The story of an unsung hero who started earlyby Opinion Express February 17, 2019 0 comments
Despite being just 15-year-old, Armaan Singh is making waves by teaching underprivileged children, says Hima Kota
Armaan used to have numerous questions when he saw poor children begging at traffic signals from the window of his car. As a kid, he used to seek answers to those questions from his parents. By the time he turned 12, Armaan Singh Ahluwalia decided to do something for them. He told his mother, Dr Tarvinder Kaur Ahluwalia, that he wanted to open a school for the poor children. Kaur gave in to his innocent demand, looking at her son’s enthusiasm and passion.
Now, at the age of 15, Armaan runs Apne, a four-room school, on one of the floors of his house in Noida, for underprivileged children. “It feels like I get a fresh breeze when I’m in the company of these children,” says the Class X student of the DPS RK Puram. He spends at least one hour daily with 15 to 20 students on a regular day. The number of students increases to 25 on weekends when Armaan spends five to six hours at the school.
“I want all these students to be well-educated and be all-rounders, so as to improve their quality of life,” Armaan tells you who also organises football matches, athletic training sessions and theatre rehearsals for them. Last year, he had organised a football tournament for them.
However, all this is tougher than it sounds. Though he has had to sacrifce on a lot of pleasure that children his age enjoy like play video games, or watch TV, he has no regrets. “I have sacrificed these pleasures because to be in the company of these kids given he a lot of satisfaction and happiness,” he says.
His mother helps him in the cause. In fact, after meeting these children and listening to their stories, she resigned from her job in a multinational company two years back and helps Armaan run the school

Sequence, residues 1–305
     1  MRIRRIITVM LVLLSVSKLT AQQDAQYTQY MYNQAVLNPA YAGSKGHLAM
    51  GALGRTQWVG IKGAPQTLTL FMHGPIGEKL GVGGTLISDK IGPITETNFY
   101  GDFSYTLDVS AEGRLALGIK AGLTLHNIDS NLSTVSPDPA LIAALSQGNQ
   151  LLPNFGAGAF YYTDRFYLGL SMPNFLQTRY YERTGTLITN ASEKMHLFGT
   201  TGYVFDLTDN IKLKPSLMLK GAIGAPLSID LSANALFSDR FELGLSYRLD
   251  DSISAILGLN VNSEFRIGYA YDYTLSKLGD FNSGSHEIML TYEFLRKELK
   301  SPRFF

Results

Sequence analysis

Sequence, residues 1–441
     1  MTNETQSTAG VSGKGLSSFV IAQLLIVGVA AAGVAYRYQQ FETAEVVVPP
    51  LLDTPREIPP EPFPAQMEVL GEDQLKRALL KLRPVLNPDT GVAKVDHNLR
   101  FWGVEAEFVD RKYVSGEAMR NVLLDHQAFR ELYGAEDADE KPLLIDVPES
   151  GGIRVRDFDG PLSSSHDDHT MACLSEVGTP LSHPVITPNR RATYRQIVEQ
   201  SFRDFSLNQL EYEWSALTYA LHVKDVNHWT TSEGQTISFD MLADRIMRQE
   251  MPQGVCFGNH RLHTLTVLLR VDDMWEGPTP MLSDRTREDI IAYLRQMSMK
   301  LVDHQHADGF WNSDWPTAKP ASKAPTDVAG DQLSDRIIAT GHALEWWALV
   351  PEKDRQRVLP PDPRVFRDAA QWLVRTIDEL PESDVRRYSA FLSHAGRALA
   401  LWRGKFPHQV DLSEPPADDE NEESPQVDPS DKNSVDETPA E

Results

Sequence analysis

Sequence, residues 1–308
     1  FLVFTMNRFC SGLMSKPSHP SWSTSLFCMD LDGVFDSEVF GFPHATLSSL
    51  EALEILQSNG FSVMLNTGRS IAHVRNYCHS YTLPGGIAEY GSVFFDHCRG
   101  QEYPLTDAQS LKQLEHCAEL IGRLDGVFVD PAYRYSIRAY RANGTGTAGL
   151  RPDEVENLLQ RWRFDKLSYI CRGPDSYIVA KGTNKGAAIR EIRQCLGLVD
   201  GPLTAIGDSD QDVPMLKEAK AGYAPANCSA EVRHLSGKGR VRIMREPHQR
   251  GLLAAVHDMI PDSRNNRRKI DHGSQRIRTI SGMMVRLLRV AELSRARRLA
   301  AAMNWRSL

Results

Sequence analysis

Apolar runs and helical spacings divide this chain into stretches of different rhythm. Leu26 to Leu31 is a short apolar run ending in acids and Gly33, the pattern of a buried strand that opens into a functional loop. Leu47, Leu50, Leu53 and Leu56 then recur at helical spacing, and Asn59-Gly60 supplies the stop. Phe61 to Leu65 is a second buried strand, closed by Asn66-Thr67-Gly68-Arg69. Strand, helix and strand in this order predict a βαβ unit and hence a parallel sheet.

“I get so much satisfaction to see the smiles on the innocent faces who seemed to have lost faith in themselves, when they came first to the school. I feel Armaan is getting much better education by serving them and understanding their stories of struggle, hunger and pain. I am happy that he is learning the real meaning of being educated. I have no regrets in leaving my job and helping my son. It has given us so much happiness. We understand the purpose of our lives now. Perhaps the reason why Armaan is getting a good education and I left my job to serve these kids,” Kaur says.
Armaan and his mother just don’t teach these kids, they are provided with stationery, uniform and food free-of-cost to the students, besides academic and sports facilities.
Looking at the good work and son and mother are doing, the school has started getting support from other families, who donate stationery, books and uniforms, besides providing monetary assistance. Taking inspiration from Armaan, his friends too have started celebrating their birthdays and special occasions with these children.
Each child at Apne has a struggle to share. “Now instead of working on construction sites, I come to the Apne. I can speak basic English and feel confident. I am fortunate that I have been given an opportunity to study and instead of being a labourer, I now dream of being a police inspector when I will grow up,” 10-year-old Lochan says.
Another student at Apne tells you how she loves going to Apne. “Studying and playing with other children makes me happy. I used to work as a maid in a house washing dishes. It gives a different feeling to come here. I am a different person now. When I grow up, I want to be a teacher,” Rakhi says.
Courtesy: The Pioneer
Writer: Hima Kota